Early Relapsing-Remitting MS: Induction vs Escalation


Hot Topics session at ECTRIMS 2016: treat early active RRMS with potent induction therapy or immunomodulation then escalation? Where do you stand?

The best treatment approach for early active relapsing-remitting multiple sclerosis (RRMS) was debated during a Hot Topics session at ECTRIMS 2016. Prof. Gilles Edan, CHU Rennes, Rennes, France supported potent induction therapy as initial treatment, while Emmanuelle Waubant, University of California San Francisco, San Francisco, CA argued against this approach for most patients.

In Favor of Induction Therapy

Currently available immunosuppressants present possible serious side effects, but for patients with active and aggressive disease, the risk of the disease causing early disability outweighs the risk of immunosuppressants. The strategy of induction therapy is to use immunosuppressants only long enough to control disease activity. Then, the patient can be switched to a more easily tolerated drug.

Mitoxantrone followed by maintenance therapy achieved better results than monotherapy with an interferon beta. A five-day course of IV alemtuzumab provided long-term benefits to early relapsing patients. Also, natalizumab was found to be effective, but tended to result in rebound inflammatory disease activity during withdrawl.

Opposition to Induction Therapy

Although newer treatment strategies can alter or suppress the immune response more dramatically than platform therapies, they can also cause infections, some of which could be fatal. Long-term safety of immunosuppressants has not yet been well studied and only a few of the highly effective, newer therapies change the immune response in a way that would provide hope for prolonged disease remission. Carefully designed trials of induction therapy are recommended before suggesting this treatment approach to most patients early in the disease course.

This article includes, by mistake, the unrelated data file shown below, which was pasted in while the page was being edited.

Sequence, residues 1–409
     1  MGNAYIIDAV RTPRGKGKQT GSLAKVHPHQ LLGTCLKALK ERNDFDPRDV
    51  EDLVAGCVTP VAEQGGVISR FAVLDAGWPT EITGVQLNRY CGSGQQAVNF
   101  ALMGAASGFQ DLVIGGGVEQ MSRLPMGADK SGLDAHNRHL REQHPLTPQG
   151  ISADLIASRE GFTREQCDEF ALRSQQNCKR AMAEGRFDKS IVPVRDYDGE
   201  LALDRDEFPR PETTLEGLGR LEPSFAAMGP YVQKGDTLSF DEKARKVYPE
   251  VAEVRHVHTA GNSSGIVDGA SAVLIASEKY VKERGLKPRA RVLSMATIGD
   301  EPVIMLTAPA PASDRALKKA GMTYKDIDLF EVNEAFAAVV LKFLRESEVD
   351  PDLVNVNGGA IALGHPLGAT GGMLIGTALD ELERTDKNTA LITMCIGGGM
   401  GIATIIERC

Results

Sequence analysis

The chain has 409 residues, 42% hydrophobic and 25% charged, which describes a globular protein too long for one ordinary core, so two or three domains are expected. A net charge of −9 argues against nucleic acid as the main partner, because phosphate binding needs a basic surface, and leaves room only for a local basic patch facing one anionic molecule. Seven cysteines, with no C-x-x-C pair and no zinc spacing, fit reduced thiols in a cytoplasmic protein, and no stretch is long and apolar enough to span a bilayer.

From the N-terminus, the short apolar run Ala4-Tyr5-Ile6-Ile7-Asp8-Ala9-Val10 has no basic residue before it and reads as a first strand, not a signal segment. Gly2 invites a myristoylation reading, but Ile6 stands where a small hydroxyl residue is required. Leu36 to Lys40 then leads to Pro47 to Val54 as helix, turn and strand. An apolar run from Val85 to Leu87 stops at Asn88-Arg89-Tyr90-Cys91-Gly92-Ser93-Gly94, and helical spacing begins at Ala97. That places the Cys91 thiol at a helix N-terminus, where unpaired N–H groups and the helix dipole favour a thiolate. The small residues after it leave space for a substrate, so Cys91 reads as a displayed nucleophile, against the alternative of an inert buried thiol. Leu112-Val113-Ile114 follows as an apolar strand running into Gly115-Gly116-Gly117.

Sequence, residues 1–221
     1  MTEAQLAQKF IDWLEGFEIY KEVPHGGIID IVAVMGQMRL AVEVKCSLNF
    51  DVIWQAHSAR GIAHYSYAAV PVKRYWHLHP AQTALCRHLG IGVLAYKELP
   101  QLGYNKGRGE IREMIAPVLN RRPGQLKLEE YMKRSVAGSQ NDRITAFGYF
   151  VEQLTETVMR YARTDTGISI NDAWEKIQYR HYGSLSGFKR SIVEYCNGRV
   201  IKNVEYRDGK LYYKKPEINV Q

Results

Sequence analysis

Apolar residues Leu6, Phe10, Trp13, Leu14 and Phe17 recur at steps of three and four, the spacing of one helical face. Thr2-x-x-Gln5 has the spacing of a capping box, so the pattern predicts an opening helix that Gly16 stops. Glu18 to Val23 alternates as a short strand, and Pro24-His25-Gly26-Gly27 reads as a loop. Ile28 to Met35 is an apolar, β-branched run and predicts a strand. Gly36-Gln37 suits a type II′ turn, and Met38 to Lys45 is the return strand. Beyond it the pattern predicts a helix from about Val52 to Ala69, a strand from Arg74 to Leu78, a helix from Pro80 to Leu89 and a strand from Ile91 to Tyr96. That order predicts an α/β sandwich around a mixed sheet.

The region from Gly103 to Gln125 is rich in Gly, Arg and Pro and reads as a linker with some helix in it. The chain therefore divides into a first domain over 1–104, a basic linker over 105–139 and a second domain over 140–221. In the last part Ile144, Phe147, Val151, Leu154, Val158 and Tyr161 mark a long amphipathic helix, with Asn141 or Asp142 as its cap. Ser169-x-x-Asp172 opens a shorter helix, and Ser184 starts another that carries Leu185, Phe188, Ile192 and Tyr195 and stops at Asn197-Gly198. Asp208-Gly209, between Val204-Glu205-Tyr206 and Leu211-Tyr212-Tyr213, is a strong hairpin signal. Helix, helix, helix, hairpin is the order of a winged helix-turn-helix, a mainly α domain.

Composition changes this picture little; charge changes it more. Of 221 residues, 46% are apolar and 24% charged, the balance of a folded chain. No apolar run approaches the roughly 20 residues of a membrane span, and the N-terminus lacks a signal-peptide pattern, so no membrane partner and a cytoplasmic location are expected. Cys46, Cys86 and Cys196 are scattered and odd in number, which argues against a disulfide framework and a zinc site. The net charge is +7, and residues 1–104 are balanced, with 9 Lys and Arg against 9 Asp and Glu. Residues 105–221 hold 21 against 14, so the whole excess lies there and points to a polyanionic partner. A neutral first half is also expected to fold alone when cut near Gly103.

Efficacy of Cladribine After Clinically Definite MS

The CLARITY study showed that patients with active MS had reduced annual relapse rates and less disability worsening when treated with cladribine annually for two years in short duration courses compared to placebo. In the ORACLE-MS study, patients with a first demyelinating event treated with cladribine had a significantly reduced risk of converting to clinically definite MS than those treated with placebo. If clinically definite MS occurred during the initial treatment period, patients were treated with subcutaneous interferon-beta 1a (titrated over 4 weeks up to the dose of 44 mcg) three times per week during an open-label maintenance period (OLMP).

Prof. Giancarlo Comi, et al. (University Vita-Salute San Raffaele, Milan, Italy) assessed the annual relapse rate during ORACLE-MS OLMP.

One hundred nine patients converted to clinically definite MS and received at least one dose of interferon-beta 1a. The median time on interferon-beta 1a was 56.0 weeks. The estimated annualized relapse rates were 0.14 for patients (n=25) originally treated with cladribine 3.5 mg/kg, 0.24 for patients (n=24) treated with 5.25 mg/kg, and 0.42 for patients (n=60) treated with placebo.

Patients treated with cladribine who converted to clinically definite MS and were switched to interferon-beta 1a experienced a significant treatment effect compared to patients on placebo. These patients also had lower annualized relapse rates during the OLMP compared to the placebo group.

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